Former President Donald Trump said “cancel culture” has run amock, so Republicans better start making their own cancelations. Trump issued a bitter message Saturday in which he stoked divisions over Georgia’s restrictive new voting law. It came a day after he urged a boycott of “woke companies,” including Major League Baseball for moving its All-Star Game out of Georgia. He later expanded the list of companies that he says supporters should boycott for opposing Georgia’s voting restrictions.
Trump pointed the finger at “radical left Democrats,” claiming they “have played dirty” for years “by boycotting products when anything from that company is done or stated in any way that offends them.” Now, he said, they’re “going big time with WOKE CANCEL CULTURE and our sacred election.” So it’s time for Republicans to “fight back” and push their own boycotts, which should be successful because “we have more people than they do—by far!” Trump called on supporters to “boycott Major League Baseball, Coca-Cola, Delta Airlines, JPMorgan Chase, ViacomCBS, Citigroup, Cisco, UPS, and Merck.” The former president went on to warn that the “radical left will destroy our country if we let them” and ended his message with a greeting: “Happy Easter!”
Many key leaders quickly answered Trump’s call to boycott baseball. Republican National Committee Chairwoman Ronna McDaniel, for example, tweeted Saturday that she wouldn’t be tuning into Major League Baseball. “Guess what I am doing today?” McDaniel tweeted. “Not watching baseball!!!!”
Georgia’s Gov. Brian Kemp doubled down on his defense of the controversial law Saturday saying his state had fallen victim to “cancel culture.” Kemp made an effort to frame the discussion over the law as a partisan issue. “Yesterday, Major League Baseball caved to fear and lies from liberal activists,” Kemp said at a news conference. “In the middle of a pandemic, Major League Baseball put the wishes of Stacey Abrams and Joe Biden ahead of the economic well-being of hard-working Georgians who were counting on the All-Star Game for a paycheck.”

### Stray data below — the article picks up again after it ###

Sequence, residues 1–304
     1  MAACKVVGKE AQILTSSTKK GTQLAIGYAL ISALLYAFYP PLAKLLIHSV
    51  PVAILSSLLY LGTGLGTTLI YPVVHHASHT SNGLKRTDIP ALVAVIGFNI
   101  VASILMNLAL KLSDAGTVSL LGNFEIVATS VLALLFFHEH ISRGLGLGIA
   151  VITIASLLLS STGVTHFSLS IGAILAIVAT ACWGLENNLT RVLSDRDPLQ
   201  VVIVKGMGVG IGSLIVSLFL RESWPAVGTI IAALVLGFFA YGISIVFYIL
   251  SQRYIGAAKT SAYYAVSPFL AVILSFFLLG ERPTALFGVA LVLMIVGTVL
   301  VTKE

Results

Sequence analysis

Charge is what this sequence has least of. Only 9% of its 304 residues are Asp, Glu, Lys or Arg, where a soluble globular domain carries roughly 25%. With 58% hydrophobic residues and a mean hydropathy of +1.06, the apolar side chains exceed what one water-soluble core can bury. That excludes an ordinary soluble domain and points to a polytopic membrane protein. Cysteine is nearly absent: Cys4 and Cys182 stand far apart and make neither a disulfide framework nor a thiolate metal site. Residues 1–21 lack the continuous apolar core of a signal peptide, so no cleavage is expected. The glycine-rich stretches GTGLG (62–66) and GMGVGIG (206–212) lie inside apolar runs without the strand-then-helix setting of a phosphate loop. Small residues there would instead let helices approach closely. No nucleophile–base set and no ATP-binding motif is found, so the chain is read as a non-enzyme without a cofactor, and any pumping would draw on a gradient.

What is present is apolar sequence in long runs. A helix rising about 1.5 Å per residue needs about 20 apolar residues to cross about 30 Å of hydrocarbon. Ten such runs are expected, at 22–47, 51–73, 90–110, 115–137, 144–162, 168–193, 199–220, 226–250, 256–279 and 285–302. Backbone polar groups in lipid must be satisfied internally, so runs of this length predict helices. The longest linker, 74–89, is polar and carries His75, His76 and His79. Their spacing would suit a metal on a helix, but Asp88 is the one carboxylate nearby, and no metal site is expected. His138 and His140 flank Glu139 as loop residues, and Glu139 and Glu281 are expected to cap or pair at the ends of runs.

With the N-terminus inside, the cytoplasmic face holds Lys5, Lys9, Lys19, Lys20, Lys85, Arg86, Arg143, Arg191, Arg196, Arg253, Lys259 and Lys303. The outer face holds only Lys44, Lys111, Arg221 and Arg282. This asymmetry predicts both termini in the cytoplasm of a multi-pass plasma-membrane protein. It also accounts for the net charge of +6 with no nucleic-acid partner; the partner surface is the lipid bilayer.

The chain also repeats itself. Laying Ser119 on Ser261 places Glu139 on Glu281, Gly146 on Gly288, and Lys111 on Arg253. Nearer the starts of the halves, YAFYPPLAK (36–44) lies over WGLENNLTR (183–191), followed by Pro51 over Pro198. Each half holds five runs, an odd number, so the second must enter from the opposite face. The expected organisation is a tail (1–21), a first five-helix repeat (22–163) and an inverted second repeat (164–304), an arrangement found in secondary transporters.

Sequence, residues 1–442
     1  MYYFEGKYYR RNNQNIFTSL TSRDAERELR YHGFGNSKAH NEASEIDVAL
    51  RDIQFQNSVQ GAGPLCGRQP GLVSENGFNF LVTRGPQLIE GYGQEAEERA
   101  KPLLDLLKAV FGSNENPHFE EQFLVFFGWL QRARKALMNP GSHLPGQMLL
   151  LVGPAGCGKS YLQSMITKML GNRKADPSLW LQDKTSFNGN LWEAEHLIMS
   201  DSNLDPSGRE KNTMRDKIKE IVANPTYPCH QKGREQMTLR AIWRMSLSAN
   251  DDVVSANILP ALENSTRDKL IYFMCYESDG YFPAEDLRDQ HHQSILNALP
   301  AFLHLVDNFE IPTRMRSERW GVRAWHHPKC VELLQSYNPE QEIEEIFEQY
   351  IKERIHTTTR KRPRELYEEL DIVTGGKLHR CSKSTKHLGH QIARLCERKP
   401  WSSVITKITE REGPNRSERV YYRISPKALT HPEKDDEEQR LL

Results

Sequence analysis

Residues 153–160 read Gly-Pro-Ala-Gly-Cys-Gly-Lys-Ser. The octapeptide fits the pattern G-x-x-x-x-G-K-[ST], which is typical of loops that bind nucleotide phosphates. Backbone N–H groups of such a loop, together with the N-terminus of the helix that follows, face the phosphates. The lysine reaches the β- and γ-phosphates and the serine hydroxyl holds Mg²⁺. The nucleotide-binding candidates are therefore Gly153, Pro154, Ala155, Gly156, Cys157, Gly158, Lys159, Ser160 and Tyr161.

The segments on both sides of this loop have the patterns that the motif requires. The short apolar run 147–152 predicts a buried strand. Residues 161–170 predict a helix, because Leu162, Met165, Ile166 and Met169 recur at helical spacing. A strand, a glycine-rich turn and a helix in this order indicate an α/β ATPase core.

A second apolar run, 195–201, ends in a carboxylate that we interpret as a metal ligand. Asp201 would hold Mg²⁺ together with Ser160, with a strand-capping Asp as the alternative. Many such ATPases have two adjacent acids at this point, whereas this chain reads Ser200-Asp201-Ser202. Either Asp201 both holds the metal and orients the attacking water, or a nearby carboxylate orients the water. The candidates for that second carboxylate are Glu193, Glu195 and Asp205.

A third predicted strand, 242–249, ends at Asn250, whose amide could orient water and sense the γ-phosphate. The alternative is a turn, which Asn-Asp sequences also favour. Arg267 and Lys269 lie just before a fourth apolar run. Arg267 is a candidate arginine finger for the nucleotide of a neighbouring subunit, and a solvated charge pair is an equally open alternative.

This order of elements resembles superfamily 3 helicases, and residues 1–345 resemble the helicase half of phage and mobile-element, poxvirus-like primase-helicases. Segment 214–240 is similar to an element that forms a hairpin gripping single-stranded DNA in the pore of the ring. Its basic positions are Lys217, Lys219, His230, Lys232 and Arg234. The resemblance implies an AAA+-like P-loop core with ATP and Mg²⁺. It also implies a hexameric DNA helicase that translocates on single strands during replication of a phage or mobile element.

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Democrats, including former President Barack Obama, have largely praised the MLB’s decision to move its game. Georgia voting rights activist and former gubernatorial candidate Stacey Abrams said she was “disappointed” over the MLB’s decision but praised the league for speaking up on the issue. “As I have stated, I respect boycotts, although I don’t want to see Georgia families hurt by lost events and jobs,” Abrams said in a statement. “Georgians targeted by voter suppression will be hurt as opportunities go to other states. We should not abandon the victims of GOP malice and lies – we must stand together.”
If Trump will really call on supporters to boycott companies that have decried efforts to restrict voting access, his list should get a lot larger. Almost 200 companies on Friday signed onto a strong statement that called on lawmakers across the country “to work across the aisle and ensure that every eligible American has the freedom to easily cast their ballot and participate fully in our democracy.”
Rumors circulating online about Elselehdar’s supposed culpability were made worse by the sharing of screenshots of fake news headlines, BBC News reported.
Several social media accounts also impersonated her and spread false claims putting the blame on her, the media outlet said.
“I felt that I might be targeted maybe because I’m a successful female in this field or because I’m Egyptian, but I’m not sure,” Elselehdar told the BBC.
The young woman described how she was “shocked” when she first saw the baseless accusations on her phone.
The rumors concerned her. “I tried so hard to negate what was in the article because it was affecting my reputation and all the efforts I exerted to be where I am now,” she said in the BBC interview